It is said that a Goan cherishes his siesta as much as his food!
Goan cuisine is chili hot, spicy and pungent and, like the land itself, comes in many flavors and tastes. Naturally, sea food heads the list which also has pork, chicken, lamb, beef and a range of vegetableswith exotic names like Ambot-tik, Prawn balchao, Chicken Carfreal, Sorpotel, Chamuca.
Eateries are plentiful. Sol Bar & Bistro at Candolim, the Ritz Classic and the Upper House at Panjim, Spice Goa at Mapusa; while the beaches offer you St. Anthony Shack, Brittos and Cape Town Café at Baga, Infantaria Café at Calangute and Curly’s at Anjuna, among a host of others tucked away among the palms and serving authentic Goan cuisine.
And if you want to try your hand at some of Goa’s finest, check out the mother-son duo of Oliveira and Clyde Fernandes’ food blog, Goan Food Recipes. It’s yummy!
Bicycling is a popular way to move around in Goa. From solo rides or in organized groups, these bicycle tours help cover a lot of ground – at your pace! A typical group tour lasts for two weeks. The first day is slow-paced, helping you to acclimatize as you ride in the countryside and villages around the city. Then starts your ‘fun in the sun’ as, over a two week period you take in towns and villages, historic sites and beaches (with long, lazy stopover at the last!) lasting over two weeks. Individuals can hire bicycles for their own short trips at their time and pace. There are also bicycling tours from south Indian cities like Bangalore and Mysore – the latter taking you through scenic Ghat (hill) sections and coastal regions.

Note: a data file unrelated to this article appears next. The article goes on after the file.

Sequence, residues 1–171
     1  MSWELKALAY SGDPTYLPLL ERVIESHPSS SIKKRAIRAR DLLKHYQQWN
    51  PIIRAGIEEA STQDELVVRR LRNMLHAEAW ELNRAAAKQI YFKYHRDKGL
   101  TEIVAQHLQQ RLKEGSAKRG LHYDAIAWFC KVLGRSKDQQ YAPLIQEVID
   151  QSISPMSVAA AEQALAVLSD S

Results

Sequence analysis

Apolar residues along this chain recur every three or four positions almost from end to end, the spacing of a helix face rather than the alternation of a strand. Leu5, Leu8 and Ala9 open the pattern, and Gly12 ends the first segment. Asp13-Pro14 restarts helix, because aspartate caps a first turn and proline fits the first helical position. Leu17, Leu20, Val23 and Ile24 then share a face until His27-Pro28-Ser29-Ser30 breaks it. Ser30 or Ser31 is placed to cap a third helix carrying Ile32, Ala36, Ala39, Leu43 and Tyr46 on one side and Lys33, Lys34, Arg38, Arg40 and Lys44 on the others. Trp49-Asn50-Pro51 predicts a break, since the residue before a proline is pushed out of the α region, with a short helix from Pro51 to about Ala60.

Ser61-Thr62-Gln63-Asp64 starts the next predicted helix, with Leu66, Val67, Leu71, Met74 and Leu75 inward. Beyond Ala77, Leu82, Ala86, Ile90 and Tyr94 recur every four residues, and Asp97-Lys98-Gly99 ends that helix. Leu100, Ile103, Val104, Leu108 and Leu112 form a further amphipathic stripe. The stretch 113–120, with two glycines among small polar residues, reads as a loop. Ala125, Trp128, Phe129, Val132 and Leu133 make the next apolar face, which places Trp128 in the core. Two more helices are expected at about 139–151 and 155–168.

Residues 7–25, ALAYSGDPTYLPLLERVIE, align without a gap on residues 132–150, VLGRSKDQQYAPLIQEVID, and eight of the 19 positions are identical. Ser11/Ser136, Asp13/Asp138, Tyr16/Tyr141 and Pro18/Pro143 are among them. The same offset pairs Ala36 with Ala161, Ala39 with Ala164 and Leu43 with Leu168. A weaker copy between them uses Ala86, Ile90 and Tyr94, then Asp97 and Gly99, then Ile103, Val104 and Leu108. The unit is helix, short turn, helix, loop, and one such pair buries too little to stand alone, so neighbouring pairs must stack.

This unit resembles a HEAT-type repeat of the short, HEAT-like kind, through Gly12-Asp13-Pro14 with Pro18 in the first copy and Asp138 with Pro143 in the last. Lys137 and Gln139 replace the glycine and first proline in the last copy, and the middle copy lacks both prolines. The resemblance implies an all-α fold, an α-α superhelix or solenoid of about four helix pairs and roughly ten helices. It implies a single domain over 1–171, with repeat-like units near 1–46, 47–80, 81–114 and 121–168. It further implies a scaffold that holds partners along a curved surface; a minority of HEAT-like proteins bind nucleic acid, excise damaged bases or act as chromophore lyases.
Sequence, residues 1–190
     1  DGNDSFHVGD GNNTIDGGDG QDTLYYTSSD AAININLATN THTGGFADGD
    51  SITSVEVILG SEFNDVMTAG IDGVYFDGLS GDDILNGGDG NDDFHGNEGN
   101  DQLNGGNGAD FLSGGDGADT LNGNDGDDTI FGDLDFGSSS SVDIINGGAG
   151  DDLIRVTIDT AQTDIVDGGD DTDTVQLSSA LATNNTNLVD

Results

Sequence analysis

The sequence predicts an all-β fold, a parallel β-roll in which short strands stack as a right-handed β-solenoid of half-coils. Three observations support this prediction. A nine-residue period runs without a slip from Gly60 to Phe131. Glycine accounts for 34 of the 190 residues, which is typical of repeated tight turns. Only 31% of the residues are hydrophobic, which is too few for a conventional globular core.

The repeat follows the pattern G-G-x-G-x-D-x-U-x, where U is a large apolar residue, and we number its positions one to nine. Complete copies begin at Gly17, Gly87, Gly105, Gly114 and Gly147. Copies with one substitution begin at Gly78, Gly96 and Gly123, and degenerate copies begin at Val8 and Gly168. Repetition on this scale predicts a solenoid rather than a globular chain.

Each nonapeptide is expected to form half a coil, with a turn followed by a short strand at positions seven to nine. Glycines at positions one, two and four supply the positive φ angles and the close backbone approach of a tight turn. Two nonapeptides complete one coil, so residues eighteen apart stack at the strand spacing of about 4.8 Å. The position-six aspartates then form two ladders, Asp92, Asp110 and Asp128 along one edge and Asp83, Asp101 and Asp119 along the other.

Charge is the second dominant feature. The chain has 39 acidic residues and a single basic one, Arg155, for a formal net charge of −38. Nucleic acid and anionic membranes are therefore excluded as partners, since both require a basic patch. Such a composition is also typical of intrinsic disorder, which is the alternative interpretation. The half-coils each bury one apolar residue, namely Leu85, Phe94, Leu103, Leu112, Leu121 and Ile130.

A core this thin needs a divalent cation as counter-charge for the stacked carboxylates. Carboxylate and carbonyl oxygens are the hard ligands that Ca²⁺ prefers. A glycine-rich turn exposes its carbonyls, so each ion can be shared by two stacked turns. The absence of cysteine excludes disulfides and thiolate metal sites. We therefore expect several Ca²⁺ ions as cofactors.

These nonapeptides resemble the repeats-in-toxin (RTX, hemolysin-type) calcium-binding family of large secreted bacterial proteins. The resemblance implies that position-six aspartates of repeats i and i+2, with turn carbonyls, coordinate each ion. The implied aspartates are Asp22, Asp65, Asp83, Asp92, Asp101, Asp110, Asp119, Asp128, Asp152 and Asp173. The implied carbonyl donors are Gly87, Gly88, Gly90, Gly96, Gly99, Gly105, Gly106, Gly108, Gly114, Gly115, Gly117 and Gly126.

The golden coast of Goa is great for all kinds of sports – across the sky or on the waves. From paragliding to wind surfing and lots more. Dona Paula is great for windsurfing. There’re also dingy sailing (also known as ‘beer and sandwiches sailing’!), scuba diving to explore Goa’s many bays and lagoons and maybe even discover an ancient colonial-era wreck, angling for soormai, salmon and mullet off Agonda beach in Canacona, parasailing and good, old fashioned swimming in the mostly placid seas. October to May is the best time when the skies are clear and blue and seas peaceful.
Sea Turtle Watch at Morjim Beach:
The beaches of Goa are only one of two favored nesting grounds for the endangered and protected species, the Oliver Ridley Sea Turtles. They nest together in large numbers and strike a quaint sight as they haul themselves across the sand or swim more gracefully at sea. Morjim Beach has the highest number of nests with the Morjim Hermitage Holiday Home situated very close to the nests and offering a great vantage point from which to observe the turtles. Sporadic nesting also takes place at the more crowded beaches like Calangute, Baga, Anjuna, Patnem and Palolem.